A general demographic profile of the students within your college, department, or course is a good starting point, as the more that is known about the students, the more likely the program of instruction will address their needs. For instance, many of the departments involved with the Writing Center are often interested in identifying the size and linguistic background of their English Language Learners (ELL) population. With this information in hand, the Writing Center can tailor programs to meet the needs of these specific students.
In order to compile summaries of writing strengths and weaknesses, student writing samples are rated using a rubric custom-designed with the faculty according to the course goals and the writing needs of their students. Then, a profile is compiled from which a writing-intensive curriculum can be created to address specific writing issues.
Part of the assessment process is learning about the writer, not just the writing. However, student beliefs can conflict with their attitudes towards writing – we have found that most students we have worked with believe that writing is important to their career goals, yet are intimidated by the act of writing. The Writing Center can design a program of instruction that demystifies the process of writing, and student anxiety is relieved as they come to understand that writing is thinking. For example, a significant step in developing a personal writing style is adopting the process of revision. Knowing how often a student revises his or her work can lead to changes in the curriculum such as requiring the submission of drafts in various stages of completion.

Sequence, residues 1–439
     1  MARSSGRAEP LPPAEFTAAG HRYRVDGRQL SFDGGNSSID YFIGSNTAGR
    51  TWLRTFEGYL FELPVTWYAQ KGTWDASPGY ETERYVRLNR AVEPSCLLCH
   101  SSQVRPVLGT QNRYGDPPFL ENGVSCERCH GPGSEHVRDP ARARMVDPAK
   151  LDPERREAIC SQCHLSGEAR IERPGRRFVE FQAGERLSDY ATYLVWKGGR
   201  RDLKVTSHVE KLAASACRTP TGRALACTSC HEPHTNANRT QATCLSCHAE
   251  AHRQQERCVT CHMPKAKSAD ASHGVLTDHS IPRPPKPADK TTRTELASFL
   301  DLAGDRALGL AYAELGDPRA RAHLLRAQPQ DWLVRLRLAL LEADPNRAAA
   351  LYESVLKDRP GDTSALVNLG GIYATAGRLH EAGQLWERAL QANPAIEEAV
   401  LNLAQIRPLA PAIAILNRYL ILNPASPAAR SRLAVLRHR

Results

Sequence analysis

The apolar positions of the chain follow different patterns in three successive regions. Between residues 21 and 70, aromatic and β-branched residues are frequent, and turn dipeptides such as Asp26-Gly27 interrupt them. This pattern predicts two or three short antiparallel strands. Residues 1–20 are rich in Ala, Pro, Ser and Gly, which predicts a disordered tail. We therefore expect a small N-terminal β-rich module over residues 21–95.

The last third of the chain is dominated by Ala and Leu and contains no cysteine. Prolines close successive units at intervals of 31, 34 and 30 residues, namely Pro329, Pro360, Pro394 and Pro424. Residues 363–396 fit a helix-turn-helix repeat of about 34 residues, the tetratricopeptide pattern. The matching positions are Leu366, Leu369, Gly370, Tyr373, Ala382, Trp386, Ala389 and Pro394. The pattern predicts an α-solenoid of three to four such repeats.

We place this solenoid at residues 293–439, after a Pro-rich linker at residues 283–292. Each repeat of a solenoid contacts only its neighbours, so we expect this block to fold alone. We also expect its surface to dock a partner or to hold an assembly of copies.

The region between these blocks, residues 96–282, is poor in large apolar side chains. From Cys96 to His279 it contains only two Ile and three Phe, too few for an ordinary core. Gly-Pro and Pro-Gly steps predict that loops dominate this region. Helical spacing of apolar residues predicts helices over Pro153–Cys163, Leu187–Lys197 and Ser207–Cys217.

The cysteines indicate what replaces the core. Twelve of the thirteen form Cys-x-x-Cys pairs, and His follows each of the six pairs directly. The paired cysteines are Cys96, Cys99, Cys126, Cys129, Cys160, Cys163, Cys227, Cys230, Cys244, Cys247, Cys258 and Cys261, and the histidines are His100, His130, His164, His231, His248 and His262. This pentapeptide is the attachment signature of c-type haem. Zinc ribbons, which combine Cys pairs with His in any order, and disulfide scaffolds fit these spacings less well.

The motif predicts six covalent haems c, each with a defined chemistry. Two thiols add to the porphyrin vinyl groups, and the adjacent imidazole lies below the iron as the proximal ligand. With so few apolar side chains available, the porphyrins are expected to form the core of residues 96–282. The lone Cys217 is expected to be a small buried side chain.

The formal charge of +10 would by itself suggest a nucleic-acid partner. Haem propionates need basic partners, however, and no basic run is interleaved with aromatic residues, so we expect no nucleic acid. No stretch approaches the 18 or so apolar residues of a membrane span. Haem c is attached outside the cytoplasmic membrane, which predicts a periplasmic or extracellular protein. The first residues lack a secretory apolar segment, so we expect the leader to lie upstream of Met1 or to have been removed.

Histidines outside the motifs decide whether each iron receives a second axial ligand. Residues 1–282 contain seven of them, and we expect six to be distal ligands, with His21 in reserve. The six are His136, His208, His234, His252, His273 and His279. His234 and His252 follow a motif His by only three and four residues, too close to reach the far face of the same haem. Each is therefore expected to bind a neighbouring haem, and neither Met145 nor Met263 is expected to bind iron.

Focus groups have long been favored in the arena of market research to understand the needs of consumers and gather ideas for quality management. The Writing Center has added focus groups to its array of assessment tools as a way to bolster the quantitative data gained through the survey process. Focus groups are interactive group interviews in which an experienced mediator facilitates discussion of specific topics and encourages dynamic conversation among participants. Administered pre-survey, they are a good way to explore the breadth of student/faculty needs, concerns, and practices. Administered post-survey, focus groups help to flesh out any questions or anomalies raised by the initial questionnaire data.
Surveys and writing samples are the two primary tools we use to measure a program’s effectiveness. End-of-the-semester surveys and writing samples can be compared to those collected at the beginning of the semester to determine how well particular needs are being addressed. Through this process, the curriculum can be further revised for following semesters.